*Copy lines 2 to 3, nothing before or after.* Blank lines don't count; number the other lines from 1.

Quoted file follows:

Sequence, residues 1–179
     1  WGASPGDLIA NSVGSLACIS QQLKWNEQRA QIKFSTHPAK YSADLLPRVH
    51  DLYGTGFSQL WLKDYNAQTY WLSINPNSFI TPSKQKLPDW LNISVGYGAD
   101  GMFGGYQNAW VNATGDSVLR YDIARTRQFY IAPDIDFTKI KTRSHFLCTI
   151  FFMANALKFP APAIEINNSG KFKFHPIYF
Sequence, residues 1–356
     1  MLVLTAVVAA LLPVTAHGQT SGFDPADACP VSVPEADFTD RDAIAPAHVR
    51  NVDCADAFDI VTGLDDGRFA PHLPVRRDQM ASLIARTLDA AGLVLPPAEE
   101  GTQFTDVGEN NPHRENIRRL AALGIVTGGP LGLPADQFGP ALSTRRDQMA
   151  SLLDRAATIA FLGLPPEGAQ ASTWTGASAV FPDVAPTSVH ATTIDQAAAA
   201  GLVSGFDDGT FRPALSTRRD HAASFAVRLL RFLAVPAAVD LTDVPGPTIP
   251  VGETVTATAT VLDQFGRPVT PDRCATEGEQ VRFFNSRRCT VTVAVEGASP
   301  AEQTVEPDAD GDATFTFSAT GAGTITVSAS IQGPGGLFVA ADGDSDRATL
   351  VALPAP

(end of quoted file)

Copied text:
     1  WGASPGDLIA NSVGSLACIS QQLKWNEQRA QIKFSTHPAK YSADLLPRVH
    51  DLYGTGFSQL WLKDYNAQTY WLSINPNSFI TPSKQKLPDW LNISVGYGAD